Baitcasting reels are one of three main reels used by the majority of fresh- and saltwater game fish anglers. Other reels, including the spinning and spincast reel, are popular among many anglers; however, the baitcast reel is often the go-to choice for many professionals on a daily basis. Once feared by many because of the explosive backlashes, modern braking systems in baitcast reels provide finite adjustment and help to greatly reduce this possibility.
It is often necessary to use heavy lines when fishing for larger game fish. Freshwater species such as large catfish and saltwater king mackerel dictate the use of heavier lines. Baitcast reels are much more adept at handling larger and heavier weight lines than spinning equipment, especially when it comes to casting. The direct winding design of a baitcast reel, as opposed to a bail mounted roller, allows the frame of the reel and spool to absorb the load of the line rather than the bail wire.
Newcomers to baitcast reels may find it hard to believe more precise casting is possible with a baitcast reel than a spinning reel. However, once you master the slingshot casting technique, the line control possible by placing the thumb on the spooled line allows for an additional level of accuracy and placement. An angler does not have to rely solely on aim and casting--the line and lure may be slowed to hit a specific spot on the water.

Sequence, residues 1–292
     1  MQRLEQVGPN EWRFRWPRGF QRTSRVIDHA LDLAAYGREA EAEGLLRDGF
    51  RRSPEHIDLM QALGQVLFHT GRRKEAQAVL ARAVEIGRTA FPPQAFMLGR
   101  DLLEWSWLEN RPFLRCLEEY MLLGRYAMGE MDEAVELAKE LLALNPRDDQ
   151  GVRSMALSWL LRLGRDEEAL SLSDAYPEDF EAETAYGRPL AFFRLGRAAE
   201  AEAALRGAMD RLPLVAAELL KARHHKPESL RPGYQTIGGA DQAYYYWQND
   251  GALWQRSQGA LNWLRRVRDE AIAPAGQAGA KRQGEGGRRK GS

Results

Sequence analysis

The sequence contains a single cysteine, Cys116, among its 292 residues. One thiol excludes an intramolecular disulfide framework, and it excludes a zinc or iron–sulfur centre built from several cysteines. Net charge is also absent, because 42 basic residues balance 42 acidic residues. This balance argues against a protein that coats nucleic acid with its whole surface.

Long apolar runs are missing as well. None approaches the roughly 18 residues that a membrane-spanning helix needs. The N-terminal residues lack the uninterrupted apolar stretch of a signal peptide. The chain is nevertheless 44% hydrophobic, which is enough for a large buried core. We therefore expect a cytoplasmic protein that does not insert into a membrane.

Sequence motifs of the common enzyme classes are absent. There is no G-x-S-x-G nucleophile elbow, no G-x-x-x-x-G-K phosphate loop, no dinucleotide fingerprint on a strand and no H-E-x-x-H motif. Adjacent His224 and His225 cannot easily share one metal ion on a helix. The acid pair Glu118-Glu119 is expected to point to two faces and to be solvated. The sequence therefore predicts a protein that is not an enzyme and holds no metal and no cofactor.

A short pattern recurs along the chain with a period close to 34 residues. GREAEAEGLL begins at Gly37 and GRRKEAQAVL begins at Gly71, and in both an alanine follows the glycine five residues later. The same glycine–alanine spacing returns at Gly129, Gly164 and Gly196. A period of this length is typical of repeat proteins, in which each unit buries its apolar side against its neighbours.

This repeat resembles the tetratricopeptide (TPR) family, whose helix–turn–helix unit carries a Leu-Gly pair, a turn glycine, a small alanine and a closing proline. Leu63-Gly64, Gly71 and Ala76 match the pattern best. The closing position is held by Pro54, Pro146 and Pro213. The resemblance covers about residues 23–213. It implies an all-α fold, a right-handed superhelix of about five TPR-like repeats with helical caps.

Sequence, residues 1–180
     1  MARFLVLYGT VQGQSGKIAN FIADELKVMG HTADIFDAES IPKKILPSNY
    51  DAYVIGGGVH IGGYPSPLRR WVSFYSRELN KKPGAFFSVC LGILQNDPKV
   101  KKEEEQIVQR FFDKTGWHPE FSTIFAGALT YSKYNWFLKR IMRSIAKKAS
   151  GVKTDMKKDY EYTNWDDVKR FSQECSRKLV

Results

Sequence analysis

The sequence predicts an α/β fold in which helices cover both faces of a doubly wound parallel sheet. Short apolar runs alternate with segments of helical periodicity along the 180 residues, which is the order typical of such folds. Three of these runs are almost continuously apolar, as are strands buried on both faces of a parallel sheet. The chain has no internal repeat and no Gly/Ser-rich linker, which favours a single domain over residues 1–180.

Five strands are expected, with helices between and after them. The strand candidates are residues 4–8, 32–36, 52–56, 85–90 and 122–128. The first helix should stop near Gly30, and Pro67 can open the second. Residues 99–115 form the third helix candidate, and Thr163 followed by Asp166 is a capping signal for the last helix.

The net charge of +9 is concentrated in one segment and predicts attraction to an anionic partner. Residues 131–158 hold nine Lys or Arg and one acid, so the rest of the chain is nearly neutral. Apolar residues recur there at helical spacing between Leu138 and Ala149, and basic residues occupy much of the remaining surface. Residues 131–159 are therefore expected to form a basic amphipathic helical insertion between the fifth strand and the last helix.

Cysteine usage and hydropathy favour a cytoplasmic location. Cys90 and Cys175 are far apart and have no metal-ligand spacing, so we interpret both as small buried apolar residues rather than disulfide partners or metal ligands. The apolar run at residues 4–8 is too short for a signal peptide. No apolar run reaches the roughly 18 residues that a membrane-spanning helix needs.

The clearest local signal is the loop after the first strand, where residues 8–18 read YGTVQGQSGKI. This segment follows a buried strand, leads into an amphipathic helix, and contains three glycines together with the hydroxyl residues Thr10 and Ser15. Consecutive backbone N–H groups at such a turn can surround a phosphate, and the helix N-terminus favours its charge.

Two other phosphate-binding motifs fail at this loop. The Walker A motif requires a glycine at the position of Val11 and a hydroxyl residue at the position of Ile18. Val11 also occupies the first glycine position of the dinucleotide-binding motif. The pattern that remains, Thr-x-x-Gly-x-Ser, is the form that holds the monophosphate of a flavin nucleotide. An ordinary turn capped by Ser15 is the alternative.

Spinning reels require the line to pass over a roller mounted to a bail wire and then wound onto a vertical mounted spool. This method, based on the fishing line, can sometimes result in line twist and can affect the performance and casting of the line. Line twist is not a factor with baitcast reels. The line spools directly onto and off the spool of the reel. The absence of line twist may help prolong the life and usefulness of fishing lines.
Article Written By Keith Dooley
Keith Dooley has a degree in outdoor education and sports management. He has worked as an assistant athletic director, head coach and assistant coach in various sports including football, softball and golf. Dooley has worked for various websites in the past, contributing instructional articles on a wide variety of topics.